A partial lunar eclipse happens when a segment of the Moon passes through Earth’s shadow.
- The Lunar Eclipse will occur on May 5
- The eclipse is rare since it will be penumbral
- Earth blocks some of the Sun’s light from directly reaching the Moon
By ash24news Science Desk: Days after several parts of the world saw the sun being blocked by the Moon, causing a solar eclipse, another celestial phenomenon will be seen as the Sun, Moon, and Earth align together. This time it’s a lunar eclipse.
The Lunar eclipse will occur on May 5 as the Earth comes between the Sun and the Moon, blocking the sunlight from reaching the Moon and casting a giant shadow on the natural satellite. The eclipse is rare since it will be penumbral in nature and will not repeat for at least two decades. Lunar eclipses can be total or partial.
A partial lunar eclipse happens when a segment of the Moon passes through Earth’s shadow. During partial eclipses, Earth’s shadow frequently looks pretty dark on the side of the Moon. However, what can be seen from Earth depends on how the Sun, Earth, and Moon align.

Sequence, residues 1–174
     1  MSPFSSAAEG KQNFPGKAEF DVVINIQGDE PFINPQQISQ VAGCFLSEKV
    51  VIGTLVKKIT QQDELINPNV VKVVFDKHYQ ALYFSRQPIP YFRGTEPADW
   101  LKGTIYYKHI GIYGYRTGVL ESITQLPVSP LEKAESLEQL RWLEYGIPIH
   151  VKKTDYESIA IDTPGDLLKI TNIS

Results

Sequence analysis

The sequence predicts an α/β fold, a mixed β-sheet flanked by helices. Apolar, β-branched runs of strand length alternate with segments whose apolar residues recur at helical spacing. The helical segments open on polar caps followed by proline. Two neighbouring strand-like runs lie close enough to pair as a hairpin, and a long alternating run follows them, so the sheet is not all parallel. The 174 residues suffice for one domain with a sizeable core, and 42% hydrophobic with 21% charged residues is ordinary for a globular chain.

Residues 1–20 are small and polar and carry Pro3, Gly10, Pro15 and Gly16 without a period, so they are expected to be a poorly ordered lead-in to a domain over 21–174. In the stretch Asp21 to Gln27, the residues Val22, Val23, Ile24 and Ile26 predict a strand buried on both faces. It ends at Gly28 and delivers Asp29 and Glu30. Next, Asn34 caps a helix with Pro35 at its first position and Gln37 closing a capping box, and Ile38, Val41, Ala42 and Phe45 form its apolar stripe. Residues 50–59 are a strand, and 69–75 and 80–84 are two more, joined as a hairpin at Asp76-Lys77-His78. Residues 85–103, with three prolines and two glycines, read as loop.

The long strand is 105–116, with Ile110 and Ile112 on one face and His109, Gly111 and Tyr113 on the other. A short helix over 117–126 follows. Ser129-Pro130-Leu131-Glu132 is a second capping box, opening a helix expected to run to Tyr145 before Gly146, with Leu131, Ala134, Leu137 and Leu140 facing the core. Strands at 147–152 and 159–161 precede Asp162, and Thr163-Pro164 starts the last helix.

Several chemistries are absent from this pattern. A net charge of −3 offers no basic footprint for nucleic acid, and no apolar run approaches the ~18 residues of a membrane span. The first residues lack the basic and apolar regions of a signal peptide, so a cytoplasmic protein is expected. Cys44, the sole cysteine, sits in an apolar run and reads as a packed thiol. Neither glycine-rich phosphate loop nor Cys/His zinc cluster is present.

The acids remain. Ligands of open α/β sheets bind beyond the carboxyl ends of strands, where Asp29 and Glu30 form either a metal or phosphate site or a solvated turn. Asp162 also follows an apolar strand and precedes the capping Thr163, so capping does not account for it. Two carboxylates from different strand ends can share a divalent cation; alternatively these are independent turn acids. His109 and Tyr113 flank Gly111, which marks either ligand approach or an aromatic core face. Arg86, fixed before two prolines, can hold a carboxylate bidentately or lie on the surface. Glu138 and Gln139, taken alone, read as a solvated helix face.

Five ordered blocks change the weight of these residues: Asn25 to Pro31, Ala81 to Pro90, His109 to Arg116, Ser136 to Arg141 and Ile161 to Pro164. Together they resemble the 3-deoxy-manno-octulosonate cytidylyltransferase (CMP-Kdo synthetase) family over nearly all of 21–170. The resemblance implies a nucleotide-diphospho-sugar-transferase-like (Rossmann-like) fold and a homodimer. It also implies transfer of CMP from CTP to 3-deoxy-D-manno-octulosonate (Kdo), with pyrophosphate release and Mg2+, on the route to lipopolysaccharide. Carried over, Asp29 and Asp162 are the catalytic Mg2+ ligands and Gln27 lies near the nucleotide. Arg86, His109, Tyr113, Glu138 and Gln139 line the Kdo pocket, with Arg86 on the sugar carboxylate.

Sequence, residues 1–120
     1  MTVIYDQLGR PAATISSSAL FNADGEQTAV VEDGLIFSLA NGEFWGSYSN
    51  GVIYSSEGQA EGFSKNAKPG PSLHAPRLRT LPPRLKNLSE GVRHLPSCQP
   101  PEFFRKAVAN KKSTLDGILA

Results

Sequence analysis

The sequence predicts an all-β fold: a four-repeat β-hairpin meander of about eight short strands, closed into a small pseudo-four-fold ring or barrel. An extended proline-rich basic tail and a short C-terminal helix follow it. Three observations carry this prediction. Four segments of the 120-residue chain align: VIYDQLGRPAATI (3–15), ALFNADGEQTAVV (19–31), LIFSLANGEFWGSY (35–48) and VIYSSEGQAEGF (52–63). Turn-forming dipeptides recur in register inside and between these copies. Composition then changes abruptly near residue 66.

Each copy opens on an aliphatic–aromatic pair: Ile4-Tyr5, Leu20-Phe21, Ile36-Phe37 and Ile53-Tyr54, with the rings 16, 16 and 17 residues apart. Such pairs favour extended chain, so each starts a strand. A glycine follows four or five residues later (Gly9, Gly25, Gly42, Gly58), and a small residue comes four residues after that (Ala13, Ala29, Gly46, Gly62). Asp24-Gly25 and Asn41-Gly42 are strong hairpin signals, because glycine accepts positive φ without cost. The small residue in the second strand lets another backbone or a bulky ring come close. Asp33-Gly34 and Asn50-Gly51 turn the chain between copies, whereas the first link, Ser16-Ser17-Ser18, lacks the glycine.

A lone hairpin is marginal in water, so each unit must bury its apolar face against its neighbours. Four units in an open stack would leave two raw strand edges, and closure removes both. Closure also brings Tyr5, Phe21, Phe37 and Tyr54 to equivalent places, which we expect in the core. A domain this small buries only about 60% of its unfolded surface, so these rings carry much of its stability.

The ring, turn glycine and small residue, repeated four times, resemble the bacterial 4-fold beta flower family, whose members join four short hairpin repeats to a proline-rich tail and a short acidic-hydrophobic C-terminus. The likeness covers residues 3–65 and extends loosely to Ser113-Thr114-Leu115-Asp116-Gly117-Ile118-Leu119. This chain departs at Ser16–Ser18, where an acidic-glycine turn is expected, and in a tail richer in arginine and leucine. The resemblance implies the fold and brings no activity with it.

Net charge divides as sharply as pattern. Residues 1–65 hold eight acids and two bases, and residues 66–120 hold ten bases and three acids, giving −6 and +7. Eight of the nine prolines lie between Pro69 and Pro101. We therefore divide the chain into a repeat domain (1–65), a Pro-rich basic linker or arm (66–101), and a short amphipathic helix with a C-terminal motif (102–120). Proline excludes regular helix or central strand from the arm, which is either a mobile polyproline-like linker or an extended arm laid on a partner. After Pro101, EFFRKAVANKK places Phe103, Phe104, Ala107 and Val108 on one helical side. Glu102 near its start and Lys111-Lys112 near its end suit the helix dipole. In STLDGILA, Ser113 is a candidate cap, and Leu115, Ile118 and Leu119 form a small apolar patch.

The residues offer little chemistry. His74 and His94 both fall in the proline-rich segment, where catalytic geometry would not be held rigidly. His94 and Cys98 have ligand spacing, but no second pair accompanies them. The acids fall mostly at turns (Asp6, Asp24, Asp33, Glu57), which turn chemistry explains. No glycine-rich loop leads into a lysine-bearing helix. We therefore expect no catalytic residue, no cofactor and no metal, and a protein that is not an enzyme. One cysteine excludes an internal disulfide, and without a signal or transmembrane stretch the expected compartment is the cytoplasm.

WHAT IS A PENUMBRAL LUNAR ECLIPSE?
A penumbral lunar eclipse is a rare phenomenon, which is the result of the Moon moving through the faint, outer part of Earth’s shadow known as the penumbra. Due to the imperfect alignment of the three celestial bodies, Earth blocks some of the Sun’s light from directly reaching the Moon’s surface and covers all or part of the Moon.
WILL INDIA SEE A PENUMBRAL LUNAR ECLIPSE?
Yes, the penumbral lunar eclipse will be visible in India.
For a lunar eclipse to occur, two conditions are essential. First, there should be a full moon phase and secondly, the Sun, Earth, and Moon must be nearly aligned.
The lunar eclipse will be seen in several parts of the country during which Earth’s shadow, known as the umbra, will miss the Moon. However, the penumbral lunar eclipse is a bit difficult to observe due to the subtle dimming effect and the imperfect alignment of the Sun, Moon, and Earth.